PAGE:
Earlier this year, we witnessed the disintegration of the would-be marriage between pharmaceutical giants Astra Zeneca and her older American suitor, Pfizer.
While the company I lead, Momondo Group, is not a multibillion pound drugs giant, seeing such a big deal fall to pieces made me reflect on the lessons from our own international union in 2011.
Cheapflights Media as we were then (we later adopted the name of our smaller partner to become Momondo Group) had grown rapidly out of cashflow since start-up days in a South London attic in 1996.
Our Cheapflights business, offering travel search and comparison, had already established a top 10 position in its home market – but also expanded into Europe and beyond: becoming a top 15 online travel player in Canada and the US. We were the only European player to have done so and this helped to deliver a majority of our revenues from outside the UK.
In 2010, the economy was in a parlous state, but our organic growth had been a success; we had an established brand, our business was very profitable. So, why get hitched?
Delivering long-term sustainable growth was a priority for us. We wanted options for faster market roll out. We recognised the need to strengthen our product innovation pipeline, diversify our offering, as well as expand our skills base, particularly in offline marketing and coding; areas where there is strong competition for talent.
That was the impetus for a potential tie-up; but we also recognised the need to play the long game – for the business, our customers and users.
Over four months we looked at a list of 40 potential global partners; shortlisted 10 – and then met with six.
We took a rigorous approach, establishing defined goals early.
We evaluated and scored potential suitors on the core criteria: complementary markets/ geographical positioning, profitability, pioneering product and tech, a strong management team – and a can-do culture.
For us, it quickly became clear that Copenhagen-based Momondo ticked those boxes. Their company was younger, but it had a track record of innovation – crucially, there was chemistry between the management teams; a shared understanding.
Due diligence meant a lot of talking and number-crunching – but as well as talk of “synergies” and “industrial logic” we also discussed how we could keep the magic of the business alive – and develop a shared culture.
At the same time there was also a clear division of labour – so that the various teams across the shared business had ownership.
I won’t pretend it was all plain sailing – our advisors were clear that only 10 to 20 per cent of all tie-ups truly deliver.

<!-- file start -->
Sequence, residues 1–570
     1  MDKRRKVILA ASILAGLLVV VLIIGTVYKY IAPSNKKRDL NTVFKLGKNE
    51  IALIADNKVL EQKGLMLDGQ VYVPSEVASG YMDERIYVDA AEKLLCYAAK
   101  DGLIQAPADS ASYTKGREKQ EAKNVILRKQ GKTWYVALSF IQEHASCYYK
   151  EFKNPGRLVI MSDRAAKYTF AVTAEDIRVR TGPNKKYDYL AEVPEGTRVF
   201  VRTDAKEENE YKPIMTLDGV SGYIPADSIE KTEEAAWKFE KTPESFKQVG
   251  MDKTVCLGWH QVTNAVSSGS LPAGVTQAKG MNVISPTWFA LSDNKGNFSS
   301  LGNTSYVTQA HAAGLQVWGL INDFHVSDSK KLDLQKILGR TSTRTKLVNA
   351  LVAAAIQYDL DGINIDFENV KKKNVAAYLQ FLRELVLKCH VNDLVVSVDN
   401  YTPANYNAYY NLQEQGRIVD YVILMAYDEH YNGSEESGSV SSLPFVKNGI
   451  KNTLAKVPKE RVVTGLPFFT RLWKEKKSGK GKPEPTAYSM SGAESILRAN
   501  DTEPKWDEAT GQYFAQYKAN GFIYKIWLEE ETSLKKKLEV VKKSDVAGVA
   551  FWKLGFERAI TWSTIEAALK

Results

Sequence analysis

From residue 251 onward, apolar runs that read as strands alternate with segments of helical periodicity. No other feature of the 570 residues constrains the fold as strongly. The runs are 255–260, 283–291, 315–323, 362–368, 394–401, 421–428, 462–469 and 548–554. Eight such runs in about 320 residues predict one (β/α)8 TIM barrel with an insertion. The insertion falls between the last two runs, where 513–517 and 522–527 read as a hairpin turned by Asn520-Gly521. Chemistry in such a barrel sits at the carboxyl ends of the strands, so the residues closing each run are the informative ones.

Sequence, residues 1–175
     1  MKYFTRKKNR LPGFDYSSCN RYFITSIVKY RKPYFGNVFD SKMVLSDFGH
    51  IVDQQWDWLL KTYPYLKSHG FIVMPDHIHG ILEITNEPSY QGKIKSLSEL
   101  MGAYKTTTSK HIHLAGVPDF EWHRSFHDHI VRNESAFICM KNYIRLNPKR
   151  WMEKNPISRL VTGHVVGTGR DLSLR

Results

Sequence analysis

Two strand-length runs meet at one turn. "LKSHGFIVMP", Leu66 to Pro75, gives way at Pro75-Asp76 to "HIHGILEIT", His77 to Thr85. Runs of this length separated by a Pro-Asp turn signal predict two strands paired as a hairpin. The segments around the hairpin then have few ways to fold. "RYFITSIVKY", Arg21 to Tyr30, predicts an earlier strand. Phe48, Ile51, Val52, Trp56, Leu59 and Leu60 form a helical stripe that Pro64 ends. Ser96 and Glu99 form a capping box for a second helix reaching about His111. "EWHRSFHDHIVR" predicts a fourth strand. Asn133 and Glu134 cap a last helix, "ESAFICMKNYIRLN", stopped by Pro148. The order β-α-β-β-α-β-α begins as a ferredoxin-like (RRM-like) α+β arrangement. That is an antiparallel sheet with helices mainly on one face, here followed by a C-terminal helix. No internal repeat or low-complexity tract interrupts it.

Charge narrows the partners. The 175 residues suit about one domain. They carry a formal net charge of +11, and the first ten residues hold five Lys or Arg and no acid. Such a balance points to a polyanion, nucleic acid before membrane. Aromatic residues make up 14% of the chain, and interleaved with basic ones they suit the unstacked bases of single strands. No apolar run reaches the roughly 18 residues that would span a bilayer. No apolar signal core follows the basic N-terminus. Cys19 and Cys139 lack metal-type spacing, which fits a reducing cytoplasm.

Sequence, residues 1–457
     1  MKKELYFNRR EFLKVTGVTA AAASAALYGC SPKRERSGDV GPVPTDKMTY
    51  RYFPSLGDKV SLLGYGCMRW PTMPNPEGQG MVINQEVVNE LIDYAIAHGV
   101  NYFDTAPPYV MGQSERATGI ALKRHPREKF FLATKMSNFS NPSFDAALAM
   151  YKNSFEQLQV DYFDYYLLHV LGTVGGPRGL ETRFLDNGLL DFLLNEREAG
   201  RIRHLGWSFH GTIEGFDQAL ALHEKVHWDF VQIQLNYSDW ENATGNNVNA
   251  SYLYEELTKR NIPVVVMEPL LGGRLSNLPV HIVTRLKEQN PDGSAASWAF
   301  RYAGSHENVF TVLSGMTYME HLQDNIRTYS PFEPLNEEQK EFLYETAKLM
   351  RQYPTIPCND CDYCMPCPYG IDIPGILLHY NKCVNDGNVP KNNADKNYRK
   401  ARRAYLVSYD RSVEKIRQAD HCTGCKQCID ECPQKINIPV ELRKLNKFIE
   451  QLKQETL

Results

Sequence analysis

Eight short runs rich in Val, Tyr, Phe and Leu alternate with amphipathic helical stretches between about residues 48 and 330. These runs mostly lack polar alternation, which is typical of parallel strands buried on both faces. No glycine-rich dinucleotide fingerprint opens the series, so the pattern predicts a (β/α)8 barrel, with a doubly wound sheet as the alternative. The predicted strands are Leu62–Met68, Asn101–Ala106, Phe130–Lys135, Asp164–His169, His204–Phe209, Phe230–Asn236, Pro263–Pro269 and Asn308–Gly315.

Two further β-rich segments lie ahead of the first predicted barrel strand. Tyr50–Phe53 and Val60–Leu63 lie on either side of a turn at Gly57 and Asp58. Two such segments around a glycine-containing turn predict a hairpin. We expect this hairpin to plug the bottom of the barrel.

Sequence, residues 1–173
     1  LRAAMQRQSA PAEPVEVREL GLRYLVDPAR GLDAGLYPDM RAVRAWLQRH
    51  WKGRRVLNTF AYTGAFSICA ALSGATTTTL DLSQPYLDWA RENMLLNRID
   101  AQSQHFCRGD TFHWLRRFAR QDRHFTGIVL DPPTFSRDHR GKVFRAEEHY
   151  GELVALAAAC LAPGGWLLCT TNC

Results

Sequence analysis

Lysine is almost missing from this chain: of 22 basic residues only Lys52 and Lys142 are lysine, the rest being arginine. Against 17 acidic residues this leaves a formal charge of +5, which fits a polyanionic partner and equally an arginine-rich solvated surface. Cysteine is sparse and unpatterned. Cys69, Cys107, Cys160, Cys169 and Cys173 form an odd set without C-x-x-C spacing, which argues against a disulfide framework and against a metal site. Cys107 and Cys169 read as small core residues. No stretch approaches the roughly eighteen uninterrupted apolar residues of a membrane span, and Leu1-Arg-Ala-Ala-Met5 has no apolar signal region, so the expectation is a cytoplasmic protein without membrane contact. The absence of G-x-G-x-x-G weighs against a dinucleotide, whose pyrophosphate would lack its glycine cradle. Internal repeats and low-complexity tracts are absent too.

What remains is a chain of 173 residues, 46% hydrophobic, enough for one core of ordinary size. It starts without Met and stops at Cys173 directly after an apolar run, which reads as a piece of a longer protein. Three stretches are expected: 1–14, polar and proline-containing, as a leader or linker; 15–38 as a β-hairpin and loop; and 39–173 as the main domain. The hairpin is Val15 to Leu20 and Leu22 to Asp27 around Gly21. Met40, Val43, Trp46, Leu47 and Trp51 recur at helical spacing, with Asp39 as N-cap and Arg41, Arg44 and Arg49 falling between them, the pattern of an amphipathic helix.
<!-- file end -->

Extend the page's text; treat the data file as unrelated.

We had to make some difficult decisions and prioritise – and this meant closing down some of the Cheapflights projects which we had spent time developing, but where we felt there was greater potential for Momondo’s technology.
We also needed to consolidate some functions – in particular finance, hosting, and, over time, analytics and technology. While there were only a very small number of departures (largely due to our rapid growth) it has meant some disruption.
Debt, used to finance the purchase and which enabled us to be capital efficient and ensure no dilution, was also new to us, and, as such, was unsettling at first. But it was a positive option for us as a growing business, allowing us to stay agile and alive to growth opportunities.
There were cultural differences too – Denmark has a very different way of doing business and the organisations had different cultures. But maybe because we were both online travel companies, there was a shared interest in cultural exchange and learning.
The deal has been transformative for us. Our most recent quarterly results saw group revenues up 29 per cent, driven by triple-digit growth at Momondo: EBITDA is up 32 per cent, and our international business now accounts for 84 per cent of revenues. And of course, we’ve taken Momondo’s name.
So what did we learn – and what can you learn from this?
I would stress that acquisitions are not the “easy option” for speedy growth – it requires boldness and there are risks.
It’s important to be clear on responsibilities – but not be arrogant, particularly important with entrepreneurial smaller companies which rely on skilled, motivated teams.
So, be aware of cultural differences – embrace change and adapt. Maybe not so unlike a marriage.
Hugo Burge is now the CEO of Momondo Group.